# Bell Ringer: pg. 28 True/False

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Bell Ringer: pg. 28 True/False
Adam started saving \$50 per month when he turned 18, while Beth started saving \$100 per month when she turned 24. They both earn 6% on their money. Beth will have more money by the time they both turn 30. A dollar today is worth less than a dollar in the future. The higher the interest rate, the less time it takes to reach a savings goal.

Unit 3 - Investing: Making Money Work for You

Saving vs Investing Saving: short term goals money very safe
Earns a small amount of interest Easy to get money when you need it Investing: longer term goals No guarantee money will grow Normal for investments to rise and fall in value over time Long-run can earn more than savings

Savings and Investments
Unique Savings Features Unique Investment Features Common Features What are some features common to both investments and savings? 3-A

“You” invest \$2,000 every year in an account that earns 7% each year for 10 years You let your money sit – still earning 7% - until age 65 Total Investment = \$20,000 “Your Sister” waits until she is 31 – did the same thing you did - 7% for 35 years until age 65 Total Investment = \$70,000 Who has more money? You = \$361,418 Your Sister = \$276,474

Time Value of Money The more money you have to save ore invest, the more money you are likely to earn The higher the rate of interest you earn, the more money you are likely to have The sooner you invest your money, the more time it has to make new money

Investing Weekly at 5% Interest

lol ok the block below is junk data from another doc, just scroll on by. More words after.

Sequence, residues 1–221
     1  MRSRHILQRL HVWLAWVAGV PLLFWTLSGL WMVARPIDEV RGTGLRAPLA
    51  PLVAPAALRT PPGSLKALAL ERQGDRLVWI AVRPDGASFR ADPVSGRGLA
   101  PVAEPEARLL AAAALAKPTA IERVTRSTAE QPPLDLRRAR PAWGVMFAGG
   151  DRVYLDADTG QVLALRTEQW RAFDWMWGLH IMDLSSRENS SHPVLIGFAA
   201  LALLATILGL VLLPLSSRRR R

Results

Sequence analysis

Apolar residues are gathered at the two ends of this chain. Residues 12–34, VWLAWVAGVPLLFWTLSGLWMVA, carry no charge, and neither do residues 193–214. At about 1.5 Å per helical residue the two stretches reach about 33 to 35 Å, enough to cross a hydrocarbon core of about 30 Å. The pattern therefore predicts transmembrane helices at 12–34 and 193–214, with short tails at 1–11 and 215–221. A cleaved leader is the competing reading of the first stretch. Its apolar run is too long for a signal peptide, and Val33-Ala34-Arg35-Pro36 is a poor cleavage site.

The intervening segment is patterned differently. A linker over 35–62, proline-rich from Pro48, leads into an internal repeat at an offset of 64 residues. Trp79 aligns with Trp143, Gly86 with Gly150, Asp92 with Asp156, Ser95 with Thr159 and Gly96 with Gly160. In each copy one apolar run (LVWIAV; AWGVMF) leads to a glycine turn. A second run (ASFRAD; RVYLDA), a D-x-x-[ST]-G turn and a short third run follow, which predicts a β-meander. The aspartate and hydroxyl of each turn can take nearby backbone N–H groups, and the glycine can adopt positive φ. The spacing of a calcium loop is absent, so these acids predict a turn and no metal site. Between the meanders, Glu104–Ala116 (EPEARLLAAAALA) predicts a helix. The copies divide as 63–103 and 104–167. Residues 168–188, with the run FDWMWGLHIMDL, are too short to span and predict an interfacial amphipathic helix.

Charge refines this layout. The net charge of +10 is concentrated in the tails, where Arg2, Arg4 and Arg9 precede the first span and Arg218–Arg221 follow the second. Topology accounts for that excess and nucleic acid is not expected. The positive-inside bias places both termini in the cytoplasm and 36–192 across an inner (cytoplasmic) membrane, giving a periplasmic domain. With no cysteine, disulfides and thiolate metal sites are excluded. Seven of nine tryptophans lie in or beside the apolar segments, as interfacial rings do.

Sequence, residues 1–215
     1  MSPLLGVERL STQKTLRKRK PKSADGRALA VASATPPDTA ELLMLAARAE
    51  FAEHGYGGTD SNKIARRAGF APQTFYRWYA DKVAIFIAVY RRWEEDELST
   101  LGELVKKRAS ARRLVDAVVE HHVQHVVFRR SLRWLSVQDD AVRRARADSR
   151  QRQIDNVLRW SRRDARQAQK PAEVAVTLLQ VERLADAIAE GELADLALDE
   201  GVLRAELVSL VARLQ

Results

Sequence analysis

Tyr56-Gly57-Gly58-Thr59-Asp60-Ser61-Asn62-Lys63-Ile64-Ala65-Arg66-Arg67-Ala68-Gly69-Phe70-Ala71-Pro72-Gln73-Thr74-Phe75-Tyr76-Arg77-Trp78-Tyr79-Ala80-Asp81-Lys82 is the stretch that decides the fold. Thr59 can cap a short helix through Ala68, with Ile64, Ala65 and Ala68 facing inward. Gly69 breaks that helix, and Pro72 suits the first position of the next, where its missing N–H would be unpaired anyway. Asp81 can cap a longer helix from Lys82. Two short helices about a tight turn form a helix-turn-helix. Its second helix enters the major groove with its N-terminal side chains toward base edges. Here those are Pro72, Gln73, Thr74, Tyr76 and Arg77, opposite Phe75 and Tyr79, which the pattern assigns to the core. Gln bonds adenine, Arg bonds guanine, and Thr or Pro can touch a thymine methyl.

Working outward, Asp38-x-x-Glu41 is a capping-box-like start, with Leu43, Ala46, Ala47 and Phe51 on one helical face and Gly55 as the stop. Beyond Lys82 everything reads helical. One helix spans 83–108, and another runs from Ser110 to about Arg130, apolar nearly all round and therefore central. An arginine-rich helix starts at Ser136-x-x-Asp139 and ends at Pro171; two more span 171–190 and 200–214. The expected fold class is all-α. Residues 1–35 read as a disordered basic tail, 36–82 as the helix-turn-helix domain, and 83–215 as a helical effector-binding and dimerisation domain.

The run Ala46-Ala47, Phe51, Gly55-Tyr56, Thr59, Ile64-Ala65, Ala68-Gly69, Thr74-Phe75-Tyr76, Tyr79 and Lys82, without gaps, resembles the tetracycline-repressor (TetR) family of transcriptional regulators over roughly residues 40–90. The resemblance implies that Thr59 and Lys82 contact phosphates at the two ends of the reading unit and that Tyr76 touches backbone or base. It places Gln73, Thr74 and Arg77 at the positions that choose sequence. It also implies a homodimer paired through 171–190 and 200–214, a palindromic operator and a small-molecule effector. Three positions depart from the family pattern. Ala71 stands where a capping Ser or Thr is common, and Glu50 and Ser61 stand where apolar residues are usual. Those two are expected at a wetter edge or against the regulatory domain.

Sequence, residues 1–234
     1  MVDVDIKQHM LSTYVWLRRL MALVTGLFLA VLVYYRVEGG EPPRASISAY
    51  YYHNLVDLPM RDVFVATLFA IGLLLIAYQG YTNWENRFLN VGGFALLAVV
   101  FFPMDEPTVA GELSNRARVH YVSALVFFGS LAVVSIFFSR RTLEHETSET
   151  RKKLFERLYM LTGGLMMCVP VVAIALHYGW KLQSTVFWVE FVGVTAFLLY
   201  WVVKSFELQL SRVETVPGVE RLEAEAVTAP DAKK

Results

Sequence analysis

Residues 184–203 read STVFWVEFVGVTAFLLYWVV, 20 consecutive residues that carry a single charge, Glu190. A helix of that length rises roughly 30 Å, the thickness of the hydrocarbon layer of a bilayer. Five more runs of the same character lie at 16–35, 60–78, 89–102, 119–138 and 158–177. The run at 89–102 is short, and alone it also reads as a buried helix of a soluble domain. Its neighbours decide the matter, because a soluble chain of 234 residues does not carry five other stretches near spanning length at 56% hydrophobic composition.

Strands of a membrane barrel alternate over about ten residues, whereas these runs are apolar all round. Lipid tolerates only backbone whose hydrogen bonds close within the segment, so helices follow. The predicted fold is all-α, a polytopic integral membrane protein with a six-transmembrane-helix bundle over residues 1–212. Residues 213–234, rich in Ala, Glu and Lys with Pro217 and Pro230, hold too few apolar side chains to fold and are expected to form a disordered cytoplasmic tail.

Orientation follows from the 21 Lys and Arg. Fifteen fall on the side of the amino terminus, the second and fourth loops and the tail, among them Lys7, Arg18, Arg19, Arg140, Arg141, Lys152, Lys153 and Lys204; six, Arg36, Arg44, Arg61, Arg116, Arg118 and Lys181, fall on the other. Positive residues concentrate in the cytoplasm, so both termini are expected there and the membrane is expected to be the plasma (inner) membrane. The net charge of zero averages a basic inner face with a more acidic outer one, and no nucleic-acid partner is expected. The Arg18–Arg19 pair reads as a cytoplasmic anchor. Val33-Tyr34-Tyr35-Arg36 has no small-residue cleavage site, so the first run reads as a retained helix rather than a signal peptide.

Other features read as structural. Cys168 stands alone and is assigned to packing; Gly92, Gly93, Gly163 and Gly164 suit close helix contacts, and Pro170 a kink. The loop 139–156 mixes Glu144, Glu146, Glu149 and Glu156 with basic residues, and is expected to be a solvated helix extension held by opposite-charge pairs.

Amount Saved Per Week Value After 10 Years \$ 7.00 \$ 4,720 \$ 14.00 \$ 9,440 \$ 21.00 \$ 14,160 \$ 28.00 \$ 18,880 \$ 35.00 \$ 23,600 3-B 1

Interest = Principal x interest rate x time
Earned Interest – payment you receive for allowing a financial institution to use your money Simple Interest – a “simple” fee paid to you on your principal Interest = Principal x interest rate x time Example: You open a savings account with \$1,000 at a 3% simple APR. What will you earn in interest in the first year? \$1,000 x .03 x 1 = \$30 interest earned every year

Compound Interest ***One of the MOST POWERFUL principals in personal finance! *** Earning interest on interest Each time your interest compounds, it gets added back to your account and becomes part of your principal Example: \$1,000 x .05 x 1 = \$50 interest in year one \$1,050 x .05 x 1 = \$52.50 interest earned in year two What will you start with in year 3?

Compounding You can use this formula to calculate compound interest: A = P (1 + i) A = amount in the account P = principal I = interest rate N = number of years compounded How much will you have after 5 years if you put \$100 principal in account earning 10% n

Answers to Exercise 3B ? ? ? ? ? ? 4% \$10.40 \$10.82 \$11.70 \$12.65 8%
Interest Rate 1 Year 2 Years 4 Years 6 Years 4% \$10.40 \$10.82 \$11.70 \$12.65 ? ? 8% \$10.80 \$11.66 \$13.60 \$15.87 ? ? ? ? 3-G 1 2 3 4 5 6

Rule of 72 72 = 72 = Years Needed to Double Investment Interest Rate
Required = Years Needed to Double Investment 3-H

Bell Ringer: pg. 28 1. Adam started saving \$50 per month when he turned 18, while Beth started saving \$100 per month when she turned 24. They both earn 6% on their money. Beth will have more money by the time they both turn 30. FALSE – Although they both invested \$7,200 over the years, the power of compound interest was working longer for Adam, so he will have more money when they turn 30.

Bell Ringer: pg. 28 2. A dollar today is worth less than a dollar in the future. FALSE. A dollar is worth more today than a dollar in the future because of inflation.

Bell Ringer: pg. 28 The higher the interest rate, the less time it takes to reach a savings goal. TRUE. The higher the rate, the faster the money will grow, and the sooner you will reach a savings goal.

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